“There’s been no correspondence from them related to the penalty,” Keegan said.
Meir Pinto said that he was unaware of the Workers’ Compensation Board judgment. According to Workers’ Compensation Board records, the organization currently does hold workers’ compensation insurance.
Meanwhile, the townhouse owned by Mosdot Shuva Israel, where Pinto and his family live, is in foreclosure.
The property was purchased in April 2007 by Yossi Zaga for $6.5 million. According to a New York Times article, Zaga found the property through Ilan Bracha, a well-known broker at Prudential Douglas Elliman and a follower of Pinto. Zaga took out a $4.4 million mortgage. In August of that year, Zaga donated the property to Mosdot Shuva Israel.
But the mortgage was still outstanding, and, according to court documents, payments were not made. In November 2009, JPMorgan Chase Bank, N.A., which had inherited the mortgage from the original lender, began proceedings to recover approximately $4.6 million in principal and interest on the loan by foreclosing on the property. As of that filing, no installments had been paid on the mortgage since May 2009. Both Zaga and Mosdot Shuva Israel were named in the suit.
At least six foreclosure settlement conferences have been scheduled in the case since March 2010. When asked about the case, Meir Pinto said that Zaga was handling it. “They’re not going to take the building,” he said.
Reached by telephone, Zaga declined to comment.
The business troubles at Mosdot Shuva Israel could be seen as ironic, given Rabbi Pinto’s reputation as an adviser to businessmen, and particularly to real estate brokers.
“For me he’s not only a rabbi, but the smartest person in the world, who I can speak to about any issue in the world,” said Ben Zaken, the Israeli mogul who is a director at Financial Levers LTD. Last year, Ben Zaken said, his partners at the firm offered to buy him out. Ben Zaken went to Pinto.
“He said there’s no dilemma,” Ben Zaken said. “You buy them [out].”
Before speaking to the rabbi, Ben Zaken said, he didn’t “even have the courage” to consider the option. In November, he signed a $200 million deal to up his share in the company from 12.9% to 82.1%. The transfer will soon become final.
In an interview with the Forward, Pinto claimed not to give business advice, per se. With Suky translating from Hebrew, the rabbi said: “The rabbi, most of the times he gives blessing for people to succeed in what they do, in whatever they do, in whatever they want to do. It’s more of a blessing.”
Three former donors to Mosdot Shuva Israel, all of whom spoke off the record, citing a reluctance to criticize the rabbi publicly, recalled being drawn in by the rabbi’s charisma and the possibility for networking, but described insistent and unusual courting by the organization’s Manhattan-based fundraisers.
One former donor recalled his first meeting with Pinto, which took place at the office of a prominent real estate broker. “I walked into a room, not with Chabad, religious-looking people, but with secular-looking people. And I said, ‘Oh my goodness, why are there all these people here? There’s got to be something going on.’”
Later that evening, the donor was taken for a private meeting at the rabbi’s home. The next morning, one of the Manhattan gabbais, rabbinic aides who act as fundraisers for Mosdot Shuva Israel, showed up unannounced at the donor’s offices, offering the donor a menorah as a gift from the rabbi. “Pinto sees in you big blessings,” the donor remembered the rabbi’s employee saying. The employee asked for a $10,000 donation; the donor gave a smaller amount.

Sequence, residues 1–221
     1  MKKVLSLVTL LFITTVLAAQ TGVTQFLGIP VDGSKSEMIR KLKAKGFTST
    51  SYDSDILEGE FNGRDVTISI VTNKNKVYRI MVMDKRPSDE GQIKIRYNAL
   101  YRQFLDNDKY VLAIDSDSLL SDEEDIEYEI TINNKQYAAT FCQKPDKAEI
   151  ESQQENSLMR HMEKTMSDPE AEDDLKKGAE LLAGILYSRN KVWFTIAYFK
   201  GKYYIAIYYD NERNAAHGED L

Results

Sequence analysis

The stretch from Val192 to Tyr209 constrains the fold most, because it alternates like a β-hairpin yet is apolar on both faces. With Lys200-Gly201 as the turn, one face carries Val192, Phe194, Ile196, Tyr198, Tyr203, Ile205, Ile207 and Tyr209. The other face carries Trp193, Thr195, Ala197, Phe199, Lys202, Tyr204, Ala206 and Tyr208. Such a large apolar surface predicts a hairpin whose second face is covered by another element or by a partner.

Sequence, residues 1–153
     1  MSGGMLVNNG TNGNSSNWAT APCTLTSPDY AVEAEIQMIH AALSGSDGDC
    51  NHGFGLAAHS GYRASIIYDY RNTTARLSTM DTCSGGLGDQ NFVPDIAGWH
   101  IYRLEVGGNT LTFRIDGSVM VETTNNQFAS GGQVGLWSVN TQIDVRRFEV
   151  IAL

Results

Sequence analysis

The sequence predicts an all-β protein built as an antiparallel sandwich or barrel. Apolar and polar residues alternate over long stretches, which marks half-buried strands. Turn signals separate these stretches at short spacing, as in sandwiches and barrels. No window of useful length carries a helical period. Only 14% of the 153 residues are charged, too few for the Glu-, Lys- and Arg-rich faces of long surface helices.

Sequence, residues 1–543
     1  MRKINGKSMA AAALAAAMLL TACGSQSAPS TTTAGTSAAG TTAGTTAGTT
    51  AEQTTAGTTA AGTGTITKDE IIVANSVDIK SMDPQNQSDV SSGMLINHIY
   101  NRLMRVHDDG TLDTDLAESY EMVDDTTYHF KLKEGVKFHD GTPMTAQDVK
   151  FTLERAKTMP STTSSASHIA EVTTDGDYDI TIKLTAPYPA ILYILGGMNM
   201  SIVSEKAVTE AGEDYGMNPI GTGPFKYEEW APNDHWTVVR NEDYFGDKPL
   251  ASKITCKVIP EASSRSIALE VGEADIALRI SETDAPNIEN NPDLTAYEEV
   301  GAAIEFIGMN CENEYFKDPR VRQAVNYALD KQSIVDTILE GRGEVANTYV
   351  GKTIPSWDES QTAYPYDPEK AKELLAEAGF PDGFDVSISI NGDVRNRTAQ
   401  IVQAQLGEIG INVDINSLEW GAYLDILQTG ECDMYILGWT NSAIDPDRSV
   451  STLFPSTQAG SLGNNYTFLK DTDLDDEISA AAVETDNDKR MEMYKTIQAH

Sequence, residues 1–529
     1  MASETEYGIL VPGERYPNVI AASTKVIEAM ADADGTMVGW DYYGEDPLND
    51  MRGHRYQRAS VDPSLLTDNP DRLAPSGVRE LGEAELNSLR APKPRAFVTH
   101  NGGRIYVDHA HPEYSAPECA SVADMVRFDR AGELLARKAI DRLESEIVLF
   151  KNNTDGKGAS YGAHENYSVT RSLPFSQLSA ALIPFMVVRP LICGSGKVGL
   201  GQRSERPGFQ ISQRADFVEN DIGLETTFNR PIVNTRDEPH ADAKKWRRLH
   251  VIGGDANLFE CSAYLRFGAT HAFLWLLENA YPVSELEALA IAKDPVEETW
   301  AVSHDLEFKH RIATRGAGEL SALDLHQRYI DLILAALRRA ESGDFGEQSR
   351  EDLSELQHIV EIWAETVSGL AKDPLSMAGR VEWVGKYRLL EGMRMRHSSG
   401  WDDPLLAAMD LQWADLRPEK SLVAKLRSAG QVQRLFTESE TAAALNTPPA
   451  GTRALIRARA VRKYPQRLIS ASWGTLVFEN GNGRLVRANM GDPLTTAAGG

Twenty minutes later, a second gabbai arrived at the front desk of the donor’s office. “He’s not the guy to deal with, I’m the guy to deal with,” the second gabbai said of the first gabbai.
“They both wanted to claim me,” the donor said.
Another former donor said that this sort of jockeying for funders had happened among the gabbais. There is “a battle over who brought in who in terms of the people working within the organization,” the second former donor said. “I’ve seen arguments with respect to who had brought in, for lack of a better word, the customer.”
Meir Pinto said that none of fundraisers for Mosdot Shuva Israel or any of the Shuva Israel organizations earn a percentage on the money that they raise.
One former donor described attending shiurim, or lectures, by the rabbi in a packed room. When he began attending the shiurim, the donor said, he would sit near the back of the room. Gradually, the gabbai who served as that donor’s link to the organization helped him move closer to the rabbi, until he was sitting next to the rabbi.
“He’s holding my hand with a grip that is incredibly powerful that he’s able to maintain for a really extended period of time,” the donor recalled. “There’s something to that. I don’t know what it is. But there’s something that draws you in about that. There really is.”
Some donors said they were offered gifts from the rabbi — Kiddish cups, menorahs, silver frames with religious sayings on them, and watches. After presenting the gift on behalf of Pinto, gabbais would ask for donations, sometimes in the thousands of dollars, to cover monthly operating expenses, or for individual charity projects.
Pinto and Suky said that the gifts given to followers were generally gifts that other followers had given to the rabbi.
As the Forward prepared this story, supporters of the rabbi marshaled significant resources in an effort to influence the newspaper’s coverage. After a reporter sent a list of questions about the rabbi to an American public relations firm representing his organization, an editor at the paper received a phone call from Shai Bazak, Israel’s consul general in Boston, asking the paper to contact Yossi Elituv, an editor at a Haredi magazine, to talk about Pinto.
Before being appointed consul general in August 2010, Bazak served as a media adviser to Benjamin Netanyahu during his first term as prime minister, from 1996 to 1998, and also as consul general in Miami.
Days later, Yossi Lahmani, executive director of the Friends of the Yitzhak Rabin Center and a former official in the defense ministry, flew to the United States from Israel, unbidden, specifically to lobby the Forward on Pinto’s behalf. He said that Pinto had not asked him to make the trip. But even though he flew to New York in a rush on a few days’ notice, he declined to say anything on the record about the rabbi or his organization.
Nathan Jeffay contributed reporting from Israel. Maia Efrem and Gal Beckerman contributed reporting from New York.